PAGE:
Writing your way through cancer

Tuesday 14 January 2020

I think we often take writing for granted. Many of us use writing every day, by texting, social media, shopping lists, diaries, calendars, and emails. Meanwhile, if you’re living with cancer, you may be writing down and juggling key events, appointments, tests, and hospital visits.

However, writing can serve another function.  It can be something you can do for yourself, and it has psychological benefits. You certainly don’t have to be a skilled wordsmith. Things like spelling, grammar, rules, neatness – they’re not relevant, unless you want it to be. It’s more about you -writing your way through and beyond cancer.

If you’re a carer, a family member of friend – cancer affects you too.  Sometimes, in midst of all the worrying about the person with cancer, your own needs and worries can feel selfish. They’re not, of course, but you may find you need that emotional release.   Writing can be one way to help.

Creative writing is a way to explore thoughts, ideas and emotions that you might otherwise find difficult to express.  Traditionally, creative writing means using our imaginations and ideas to write stories, memoirs, poetry and prose. However, others use journaling, blogs and diaries, as their inner release and exploration.

Creative writing may embrace therapeutic writing – sometimes the two are interchangeable.  Your writing may explore deeper issues, things that you find difficult to discuss – cutting through the emotional filter we put on speech.

Creative writing and cancer - how can it help?

Writing can allow you to explore the power of language and words - and be a way of conveying feelings and observations. It has been shown to have health benefits - and this includes both your physical and mental wellbeing.

Creative writing has been found to help relieve depression, anxiety and pain. For people living with cancer it offers a release and exploration. It can be a way to write about things which may feel painful to talk about. Writing can help you slow down your thoughts, and relax. It can also build up your confidence and self-esteem.

Tips to start creative writing

If you’ve decided you might like to try writing, you’re already halfway there.  You may decide to use a notebook, and pen, or type into an electronic device. Choosing your pens and paper, journals or diaries can be part of the creative process.

The action of writing and the content, is much more important than spelling, typing errors, crossings out, etc, especially at the beginning. It’s like using a muscle; it takes a while to build up writing confidence.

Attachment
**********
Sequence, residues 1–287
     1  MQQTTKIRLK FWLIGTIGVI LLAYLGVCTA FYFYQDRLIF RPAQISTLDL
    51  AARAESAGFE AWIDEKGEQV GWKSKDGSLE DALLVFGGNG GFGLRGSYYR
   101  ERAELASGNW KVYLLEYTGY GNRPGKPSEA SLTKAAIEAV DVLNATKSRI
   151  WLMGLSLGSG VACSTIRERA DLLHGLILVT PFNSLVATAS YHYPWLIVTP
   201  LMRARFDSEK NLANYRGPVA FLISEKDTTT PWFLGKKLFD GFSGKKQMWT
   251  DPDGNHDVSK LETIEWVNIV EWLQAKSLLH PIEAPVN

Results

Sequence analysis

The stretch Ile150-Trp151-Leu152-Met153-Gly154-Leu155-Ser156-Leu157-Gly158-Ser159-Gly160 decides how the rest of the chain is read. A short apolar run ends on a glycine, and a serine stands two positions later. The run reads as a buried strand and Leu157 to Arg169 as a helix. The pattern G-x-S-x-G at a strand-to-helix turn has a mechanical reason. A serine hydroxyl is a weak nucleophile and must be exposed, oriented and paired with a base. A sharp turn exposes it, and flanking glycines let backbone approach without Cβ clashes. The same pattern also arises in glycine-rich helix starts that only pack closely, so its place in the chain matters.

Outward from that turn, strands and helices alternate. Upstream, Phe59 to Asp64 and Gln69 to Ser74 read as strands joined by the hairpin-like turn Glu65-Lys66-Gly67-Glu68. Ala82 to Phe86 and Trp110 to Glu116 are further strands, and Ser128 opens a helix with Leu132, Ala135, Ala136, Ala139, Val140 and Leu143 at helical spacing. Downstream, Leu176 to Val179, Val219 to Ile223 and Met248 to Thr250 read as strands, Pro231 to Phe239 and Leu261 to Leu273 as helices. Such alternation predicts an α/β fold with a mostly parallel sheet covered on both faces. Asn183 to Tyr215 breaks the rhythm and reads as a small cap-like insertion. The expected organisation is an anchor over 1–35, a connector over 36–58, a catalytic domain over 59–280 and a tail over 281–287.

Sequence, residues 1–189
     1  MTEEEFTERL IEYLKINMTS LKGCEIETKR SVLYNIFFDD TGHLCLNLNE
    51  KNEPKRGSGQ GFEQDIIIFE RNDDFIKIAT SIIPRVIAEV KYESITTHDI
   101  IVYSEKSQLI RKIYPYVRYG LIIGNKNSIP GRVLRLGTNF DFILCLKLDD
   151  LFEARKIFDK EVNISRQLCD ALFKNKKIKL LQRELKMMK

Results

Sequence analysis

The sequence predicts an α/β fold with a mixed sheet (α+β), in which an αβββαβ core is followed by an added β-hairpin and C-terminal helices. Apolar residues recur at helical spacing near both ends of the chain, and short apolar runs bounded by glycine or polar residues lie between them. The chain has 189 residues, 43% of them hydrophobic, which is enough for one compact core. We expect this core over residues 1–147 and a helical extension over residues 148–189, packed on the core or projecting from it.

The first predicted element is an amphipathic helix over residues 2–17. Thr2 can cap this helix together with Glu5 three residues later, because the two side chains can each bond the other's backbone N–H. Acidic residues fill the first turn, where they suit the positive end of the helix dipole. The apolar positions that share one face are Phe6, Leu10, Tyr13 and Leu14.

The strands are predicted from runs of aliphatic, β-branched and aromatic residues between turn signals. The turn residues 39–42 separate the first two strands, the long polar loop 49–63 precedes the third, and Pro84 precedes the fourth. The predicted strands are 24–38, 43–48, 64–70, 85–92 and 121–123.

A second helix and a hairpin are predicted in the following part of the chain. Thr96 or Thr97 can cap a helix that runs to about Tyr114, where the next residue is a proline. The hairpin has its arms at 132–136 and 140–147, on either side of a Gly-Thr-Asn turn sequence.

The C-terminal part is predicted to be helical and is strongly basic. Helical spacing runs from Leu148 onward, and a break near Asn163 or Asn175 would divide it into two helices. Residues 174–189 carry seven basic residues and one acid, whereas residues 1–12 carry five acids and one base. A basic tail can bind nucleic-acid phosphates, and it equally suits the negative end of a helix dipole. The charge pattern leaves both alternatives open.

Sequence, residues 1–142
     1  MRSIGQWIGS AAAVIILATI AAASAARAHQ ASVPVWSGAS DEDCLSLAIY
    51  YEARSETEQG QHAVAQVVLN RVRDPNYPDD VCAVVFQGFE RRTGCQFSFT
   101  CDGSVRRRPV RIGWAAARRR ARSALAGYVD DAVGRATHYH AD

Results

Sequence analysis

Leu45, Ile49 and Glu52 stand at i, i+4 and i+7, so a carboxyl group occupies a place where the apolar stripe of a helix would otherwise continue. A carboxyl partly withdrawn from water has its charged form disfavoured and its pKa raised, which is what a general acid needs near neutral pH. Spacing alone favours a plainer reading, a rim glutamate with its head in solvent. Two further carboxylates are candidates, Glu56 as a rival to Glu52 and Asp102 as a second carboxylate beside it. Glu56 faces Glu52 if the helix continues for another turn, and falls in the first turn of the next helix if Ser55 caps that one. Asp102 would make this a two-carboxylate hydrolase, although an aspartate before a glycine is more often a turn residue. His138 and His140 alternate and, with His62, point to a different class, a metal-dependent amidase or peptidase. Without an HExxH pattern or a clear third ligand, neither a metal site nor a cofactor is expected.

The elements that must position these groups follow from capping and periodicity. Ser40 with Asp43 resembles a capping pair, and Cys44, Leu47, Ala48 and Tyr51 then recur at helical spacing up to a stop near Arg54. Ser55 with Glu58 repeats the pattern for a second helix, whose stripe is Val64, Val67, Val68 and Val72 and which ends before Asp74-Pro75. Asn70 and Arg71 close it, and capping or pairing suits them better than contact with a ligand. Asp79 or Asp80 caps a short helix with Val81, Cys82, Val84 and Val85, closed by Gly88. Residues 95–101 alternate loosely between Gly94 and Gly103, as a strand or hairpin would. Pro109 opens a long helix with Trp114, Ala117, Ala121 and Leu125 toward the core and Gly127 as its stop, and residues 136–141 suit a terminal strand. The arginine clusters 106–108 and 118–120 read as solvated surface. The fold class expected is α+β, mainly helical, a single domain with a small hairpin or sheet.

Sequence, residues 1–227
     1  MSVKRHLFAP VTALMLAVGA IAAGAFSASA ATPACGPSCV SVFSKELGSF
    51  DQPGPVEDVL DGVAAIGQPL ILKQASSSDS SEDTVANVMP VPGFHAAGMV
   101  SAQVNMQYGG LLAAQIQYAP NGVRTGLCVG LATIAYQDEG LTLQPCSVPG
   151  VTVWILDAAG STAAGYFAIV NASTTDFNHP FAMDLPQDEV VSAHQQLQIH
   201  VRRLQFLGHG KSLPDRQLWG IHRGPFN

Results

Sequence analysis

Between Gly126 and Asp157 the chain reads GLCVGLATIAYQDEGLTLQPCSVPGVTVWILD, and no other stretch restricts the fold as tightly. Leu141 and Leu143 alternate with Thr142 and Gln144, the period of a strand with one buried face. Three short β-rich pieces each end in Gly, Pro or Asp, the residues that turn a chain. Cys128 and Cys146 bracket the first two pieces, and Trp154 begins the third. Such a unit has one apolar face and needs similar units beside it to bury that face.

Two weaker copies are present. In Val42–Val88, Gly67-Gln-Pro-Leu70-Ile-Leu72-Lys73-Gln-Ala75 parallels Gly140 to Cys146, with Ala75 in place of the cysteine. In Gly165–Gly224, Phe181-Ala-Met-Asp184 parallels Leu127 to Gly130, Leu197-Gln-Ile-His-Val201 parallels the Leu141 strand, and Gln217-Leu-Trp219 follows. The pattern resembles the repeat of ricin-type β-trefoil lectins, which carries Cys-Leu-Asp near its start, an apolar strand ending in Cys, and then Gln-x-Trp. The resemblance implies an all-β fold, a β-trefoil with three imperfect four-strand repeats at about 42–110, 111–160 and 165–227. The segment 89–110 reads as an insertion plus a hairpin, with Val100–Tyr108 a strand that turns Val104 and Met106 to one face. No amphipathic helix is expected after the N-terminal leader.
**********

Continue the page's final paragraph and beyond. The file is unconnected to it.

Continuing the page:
People sometimes worry where they can write - or what they will find to write about.  If you carry a notebook with you, you can often jot ideas, snippets of conversations, or your thoughts, whilst sitting in waiting rooms, clinics and cafes. These could be ideas to use later on.

Sometimes people find it easier to start writing if they have exercises to do or writing prompts. There are lots of ideas on the internet, and many creative writing books and courses available, including:-

Reading and writing Cancer : how words heal (2016)  Susan Gubar

The story you need to tell (2017)     Sandra Marinella

365 writing prompts (2017)            Thomas Media

You may find keeping a diary or journal helps provide a place to ‘dump’ the thoughts of the day, and keep a record of your experiences. Many people create a blog. You may prefer to keep your writing personal to you, or value sharing it with others. Having someone read your words can be powerful and supportive. However, reading back your own words can give you new insights, and be rewarding.

Maggie’s and creative writing

Most of our Maggie’s Centres hold creative writing sessions.  Janet Ellis, (former Blue Peter presenter) held a pilot workshop at Maggie’s in 2017, called ‘The power of words’. It was very successful – exploring the words we use in cancer to either inspire or discourage us. You can watch a video about the workshop. Visit your local Maggie’s centre, and find out about the range of creative therapies available, as well as our other workshops, courses and drop in sessions .

Meanwhile, here at Maggie’s Online Community, writing is our bread and butter. People use discussions, conversations, and journals to explore all aspects of their cancer experience.  We’ve recently added a Creative writing/Art thread for people to post some of their work.

Looking forward to hearing from you,

Warm wishes


Links updated April 2020

Useful links

The power of writing (blog)       Cancer.Net

Writing through cancer    Sharon Bray

Creative writing (publications)     Macmillan cancer Support

The power of words (Janet Ellis)  Maggie’s  (You Tube video)

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